Epilepsy is classified as an organic disease, psychogenic non-epileptic seizures or PNES as a functional disorder because no physical site of injury can be found. Nevertheless the two are often confused. EEG’s may be ambiguous, and not all epileptic patients have revelatory MRIs. The neurologist who suspects PNES must become a medical detective, relying on a clue from her patient, such as a seizure triggered by some powerful emotional event. Then again, there are epileptic patients who can seize after a shock or a strong emotional experience, too. The doctor may note the failure of medication to stop the fits. Of course, medication sometimes also fails to cure genuine epileptic seizures. And because some epileptic patients also have PNES, the picture can grow pretty murky.

The Treatment of Epilepsy: Principles and Practice, 4th edition, 2006, has a chapter on PNES. The author of this chapter adopts a confident authoritative tone, no doubt intended to buck up budding neurologists who might be worried about misdiagnosis. In a section labeled PSYCHOPATHOLOGY, he declares PNES a psychiatric disorder and rehashes the DSM criteria for somatoform disorders, factitious disorders, and malingering. Somatoform disorders are “the unconscious production of physical symptoms caused by psychological factors.” He then emphasizes that the patients are not faking, unlike the factitious folks and malingerers. He makes no comment on the controversies that surround the DSM’s metamorphosing categories or its lack of etiology. He mentions that sexual trauma or abuse may play a role in psychogenic seizures, and then, at the very end of this small section, the reader is told, “From a practical point of view the role of the neurologist and other medical specialists is to determine whether organic disease exists. Once the symptoms are shown to be psychogenic in nature, the exact psychiatric diagnosis and its treatment are best handled by a psychiatrist.”To be brief: send the patient to the other ward.

Under the following section called MANAGEMENT, the reader is told how important it is for the neurologist to communicate the psychogenic diagnosis using words such as “psychological,” “stress induced,” and “emotional… The physician communicating the diagnosis must be compassionate (remembering that most patients are not faking), but firm and confident (avoiding “wishy-washy” and confusing terms).” The author is clearly unfazed by any philosophical difficulties involved in opposing organic to psychogenic. He does not bother to say that emotion and stress are also organic processes, albeit not ones connected to specific, locatable brain damage. His discussion is inherently dualistic.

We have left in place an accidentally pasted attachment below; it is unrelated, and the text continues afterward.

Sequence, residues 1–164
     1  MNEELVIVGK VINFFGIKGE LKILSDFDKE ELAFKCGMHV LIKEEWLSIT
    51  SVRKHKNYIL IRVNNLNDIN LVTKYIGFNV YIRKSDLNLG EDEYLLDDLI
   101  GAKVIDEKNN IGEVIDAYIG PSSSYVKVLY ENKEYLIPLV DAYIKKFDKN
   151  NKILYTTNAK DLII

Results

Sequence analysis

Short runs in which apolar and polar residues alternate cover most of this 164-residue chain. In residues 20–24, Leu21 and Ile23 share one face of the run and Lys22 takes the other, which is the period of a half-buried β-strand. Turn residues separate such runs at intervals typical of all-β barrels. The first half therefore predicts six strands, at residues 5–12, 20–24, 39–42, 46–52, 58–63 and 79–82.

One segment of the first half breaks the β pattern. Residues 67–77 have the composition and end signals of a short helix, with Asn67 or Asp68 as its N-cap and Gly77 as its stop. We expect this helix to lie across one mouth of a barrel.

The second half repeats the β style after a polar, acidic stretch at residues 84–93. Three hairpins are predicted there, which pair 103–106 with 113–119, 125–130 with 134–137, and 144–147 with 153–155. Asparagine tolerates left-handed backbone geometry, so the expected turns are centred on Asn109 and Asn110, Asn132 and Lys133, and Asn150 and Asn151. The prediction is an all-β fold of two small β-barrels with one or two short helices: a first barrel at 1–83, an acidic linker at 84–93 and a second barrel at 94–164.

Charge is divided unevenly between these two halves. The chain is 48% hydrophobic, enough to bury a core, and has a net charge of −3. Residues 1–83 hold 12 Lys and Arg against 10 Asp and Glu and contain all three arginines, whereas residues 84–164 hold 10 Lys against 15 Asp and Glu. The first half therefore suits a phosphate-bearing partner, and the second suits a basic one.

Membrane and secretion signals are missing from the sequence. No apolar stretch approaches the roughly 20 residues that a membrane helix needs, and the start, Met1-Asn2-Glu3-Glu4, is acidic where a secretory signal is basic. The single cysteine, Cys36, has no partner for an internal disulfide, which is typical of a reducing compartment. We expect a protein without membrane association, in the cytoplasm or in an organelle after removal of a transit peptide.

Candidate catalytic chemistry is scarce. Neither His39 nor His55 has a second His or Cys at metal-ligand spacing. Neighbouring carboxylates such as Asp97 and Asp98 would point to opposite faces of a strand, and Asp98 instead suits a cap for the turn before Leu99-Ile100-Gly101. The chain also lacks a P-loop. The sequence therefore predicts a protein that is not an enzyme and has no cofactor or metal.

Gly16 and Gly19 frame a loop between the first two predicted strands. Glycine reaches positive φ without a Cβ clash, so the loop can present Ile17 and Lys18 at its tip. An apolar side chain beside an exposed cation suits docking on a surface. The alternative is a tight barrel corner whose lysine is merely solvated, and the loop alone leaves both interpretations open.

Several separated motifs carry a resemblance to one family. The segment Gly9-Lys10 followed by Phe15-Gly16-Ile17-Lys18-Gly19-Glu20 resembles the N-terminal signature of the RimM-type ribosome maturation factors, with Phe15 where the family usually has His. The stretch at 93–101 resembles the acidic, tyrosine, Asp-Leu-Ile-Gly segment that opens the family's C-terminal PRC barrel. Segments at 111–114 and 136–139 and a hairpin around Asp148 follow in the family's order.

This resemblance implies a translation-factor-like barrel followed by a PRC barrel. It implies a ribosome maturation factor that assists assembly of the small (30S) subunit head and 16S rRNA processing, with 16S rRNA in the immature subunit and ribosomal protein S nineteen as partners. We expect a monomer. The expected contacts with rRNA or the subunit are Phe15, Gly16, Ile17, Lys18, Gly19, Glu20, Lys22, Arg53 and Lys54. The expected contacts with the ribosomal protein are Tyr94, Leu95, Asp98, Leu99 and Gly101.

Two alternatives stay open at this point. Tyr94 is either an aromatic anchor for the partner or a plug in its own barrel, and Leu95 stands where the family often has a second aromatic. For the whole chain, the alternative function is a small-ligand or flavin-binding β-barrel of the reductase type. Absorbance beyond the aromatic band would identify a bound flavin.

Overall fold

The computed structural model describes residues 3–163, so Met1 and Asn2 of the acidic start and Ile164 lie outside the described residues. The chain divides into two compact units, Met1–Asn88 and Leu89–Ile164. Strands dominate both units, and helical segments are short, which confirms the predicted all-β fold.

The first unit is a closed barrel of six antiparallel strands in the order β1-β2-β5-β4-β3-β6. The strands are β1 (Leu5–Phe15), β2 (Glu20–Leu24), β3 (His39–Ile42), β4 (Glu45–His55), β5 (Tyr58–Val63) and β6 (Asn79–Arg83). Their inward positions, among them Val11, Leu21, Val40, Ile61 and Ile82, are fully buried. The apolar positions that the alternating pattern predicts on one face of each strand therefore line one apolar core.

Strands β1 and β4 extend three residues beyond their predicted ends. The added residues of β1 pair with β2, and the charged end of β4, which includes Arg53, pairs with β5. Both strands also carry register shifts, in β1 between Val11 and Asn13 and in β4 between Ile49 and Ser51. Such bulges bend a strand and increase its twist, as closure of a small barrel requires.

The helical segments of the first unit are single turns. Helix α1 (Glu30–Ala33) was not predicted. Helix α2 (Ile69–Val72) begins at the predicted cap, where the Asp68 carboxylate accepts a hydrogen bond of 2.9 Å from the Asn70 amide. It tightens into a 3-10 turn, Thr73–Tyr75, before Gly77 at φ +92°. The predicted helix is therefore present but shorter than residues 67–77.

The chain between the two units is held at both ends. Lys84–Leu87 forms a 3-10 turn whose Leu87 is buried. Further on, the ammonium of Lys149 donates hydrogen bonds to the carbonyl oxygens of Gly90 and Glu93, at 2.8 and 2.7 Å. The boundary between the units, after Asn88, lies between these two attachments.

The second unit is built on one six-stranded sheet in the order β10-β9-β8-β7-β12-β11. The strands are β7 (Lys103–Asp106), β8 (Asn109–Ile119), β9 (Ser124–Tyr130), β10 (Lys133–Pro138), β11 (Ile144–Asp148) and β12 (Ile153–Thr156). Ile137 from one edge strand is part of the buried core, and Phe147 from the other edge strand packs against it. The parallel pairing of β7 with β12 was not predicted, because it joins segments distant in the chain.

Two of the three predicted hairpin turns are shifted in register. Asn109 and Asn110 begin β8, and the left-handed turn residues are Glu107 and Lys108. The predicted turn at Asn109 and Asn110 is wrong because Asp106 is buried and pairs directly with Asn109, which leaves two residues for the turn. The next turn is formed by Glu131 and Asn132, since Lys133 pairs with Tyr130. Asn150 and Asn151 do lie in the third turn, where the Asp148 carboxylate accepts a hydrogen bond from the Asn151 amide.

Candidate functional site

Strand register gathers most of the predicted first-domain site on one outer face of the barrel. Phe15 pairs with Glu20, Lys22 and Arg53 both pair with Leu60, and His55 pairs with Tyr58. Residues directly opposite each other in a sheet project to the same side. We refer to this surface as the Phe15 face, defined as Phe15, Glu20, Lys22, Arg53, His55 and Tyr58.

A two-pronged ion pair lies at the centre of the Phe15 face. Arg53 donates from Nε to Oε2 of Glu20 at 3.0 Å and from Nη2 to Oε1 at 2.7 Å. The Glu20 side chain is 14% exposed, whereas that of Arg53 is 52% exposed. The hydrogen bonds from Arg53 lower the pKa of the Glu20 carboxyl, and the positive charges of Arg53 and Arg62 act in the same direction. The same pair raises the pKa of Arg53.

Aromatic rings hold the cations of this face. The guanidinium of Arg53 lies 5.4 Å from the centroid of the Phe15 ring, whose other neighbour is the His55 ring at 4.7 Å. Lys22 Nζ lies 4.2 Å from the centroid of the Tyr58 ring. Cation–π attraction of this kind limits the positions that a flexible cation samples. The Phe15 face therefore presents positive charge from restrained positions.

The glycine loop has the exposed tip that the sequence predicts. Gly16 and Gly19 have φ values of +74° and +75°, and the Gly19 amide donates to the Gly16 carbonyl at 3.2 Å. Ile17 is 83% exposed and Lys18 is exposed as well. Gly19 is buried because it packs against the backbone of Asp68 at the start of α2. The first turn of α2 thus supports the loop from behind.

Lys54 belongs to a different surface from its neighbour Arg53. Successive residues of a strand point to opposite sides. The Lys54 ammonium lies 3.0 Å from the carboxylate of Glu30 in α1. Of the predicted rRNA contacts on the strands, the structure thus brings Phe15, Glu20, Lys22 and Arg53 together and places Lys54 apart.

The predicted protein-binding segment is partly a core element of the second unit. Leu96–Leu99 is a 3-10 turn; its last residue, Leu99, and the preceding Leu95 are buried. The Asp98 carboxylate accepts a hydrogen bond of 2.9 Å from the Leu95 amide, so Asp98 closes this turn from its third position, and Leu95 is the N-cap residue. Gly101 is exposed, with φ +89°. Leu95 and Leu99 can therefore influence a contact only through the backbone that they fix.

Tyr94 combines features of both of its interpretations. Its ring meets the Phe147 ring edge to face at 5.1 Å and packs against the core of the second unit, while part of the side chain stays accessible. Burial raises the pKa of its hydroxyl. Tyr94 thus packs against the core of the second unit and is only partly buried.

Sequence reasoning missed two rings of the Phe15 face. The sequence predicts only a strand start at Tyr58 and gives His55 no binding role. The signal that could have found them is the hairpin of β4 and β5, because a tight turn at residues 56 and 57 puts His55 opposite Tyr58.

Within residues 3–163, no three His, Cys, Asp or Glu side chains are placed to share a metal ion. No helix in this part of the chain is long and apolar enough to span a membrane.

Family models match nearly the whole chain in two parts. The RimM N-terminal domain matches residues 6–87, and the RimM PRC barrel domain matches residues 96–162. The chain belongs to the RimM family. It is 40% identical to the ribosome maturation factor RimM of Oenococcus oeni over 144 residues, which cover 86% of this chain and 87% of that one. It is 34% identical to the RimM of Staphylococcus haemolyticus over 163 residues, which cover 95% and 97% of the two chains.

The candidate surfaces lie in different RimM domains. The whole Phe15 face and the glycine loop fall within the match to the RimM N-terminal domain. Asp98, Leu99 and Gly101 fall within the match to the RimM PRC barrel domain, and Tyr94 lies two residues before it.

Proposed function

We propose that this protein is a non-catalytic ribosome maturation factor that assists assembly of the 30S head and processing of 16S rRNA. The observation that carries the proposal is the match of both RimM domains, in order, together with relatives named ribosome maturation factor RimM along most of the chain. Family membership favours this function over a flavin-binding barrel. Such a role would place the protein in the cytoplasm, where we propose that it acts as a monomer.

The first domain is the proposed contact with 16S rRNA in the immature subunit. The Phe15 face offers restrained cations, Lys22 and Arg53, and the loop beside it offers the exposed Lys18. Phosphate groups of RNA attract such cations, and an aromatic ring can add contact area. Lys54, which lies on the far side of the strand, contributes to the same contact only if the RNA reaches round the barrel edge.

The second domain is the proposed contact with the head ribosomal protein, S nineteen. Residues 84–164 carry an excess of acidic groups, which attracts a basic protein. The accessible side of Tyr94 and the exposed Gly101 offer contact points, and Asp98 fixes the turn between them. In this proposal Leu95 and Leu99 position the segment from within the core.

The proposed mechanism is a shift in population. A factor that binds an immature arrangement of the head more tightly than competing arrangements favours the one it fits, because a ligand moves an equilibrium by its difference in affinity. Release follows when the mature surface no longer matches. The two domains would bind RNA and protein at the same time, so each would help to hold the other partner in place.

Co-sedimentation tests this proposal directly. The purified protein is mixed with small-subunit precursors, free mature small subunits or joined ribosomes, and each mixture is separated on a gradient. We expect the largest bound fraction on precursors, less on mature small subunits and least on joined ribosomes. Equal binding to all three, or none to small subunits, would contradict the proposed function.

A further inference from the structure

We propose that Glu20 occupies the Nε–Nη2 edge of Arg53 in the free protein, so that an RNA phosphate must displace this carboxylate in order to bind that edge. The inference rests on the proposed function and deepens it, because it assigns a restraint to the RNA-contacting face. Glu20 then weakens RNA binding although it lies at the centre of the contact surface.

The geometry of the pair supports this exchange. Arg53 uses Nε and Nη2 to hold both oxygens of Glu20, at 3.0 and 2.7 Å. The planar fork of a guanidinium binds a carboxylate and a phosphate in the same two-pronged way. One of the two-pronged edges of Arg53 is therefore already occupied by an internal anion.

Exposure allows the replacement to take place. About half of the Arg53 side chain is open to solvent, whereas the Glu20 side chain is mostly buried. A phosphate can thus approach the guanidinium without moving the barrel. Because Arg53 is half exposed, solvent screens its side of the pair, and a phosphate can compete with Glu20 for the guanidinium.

Rounding up his chapter, he names several “fashionable” syndromes that may be thought of as partly or “entirely psychogenic”. The words entirely psychogenic are followed by parentheses, inside of which we find the emphatic explanatory phrase “without any organic basis.The implication is that they are somehow non-organic, but how can that be? Are psychogenic seizures unreal, ungrounded, and immaterial? Are they brought on by supernatural, spiritual forces? The syndromes he mentions include fibromyalgia, fibrositis, chronic fatigue syndrome, and irritable bowel. Note the use of the word fashionable. The word fashionable is a put-down that effectively turns these syndromes into flimsy, effeminate, short-lived phenomena, similar to this year’s skirt lengths or a new rage for open-toed shoes. Fibromyalgia, fibrositis, irritable bowl, and chronic fatigue are all diagnosed far more in women than in men, but this may in part be due to prejudice. One study has shown that fibromyalgia appears to be under-diagnosed in men.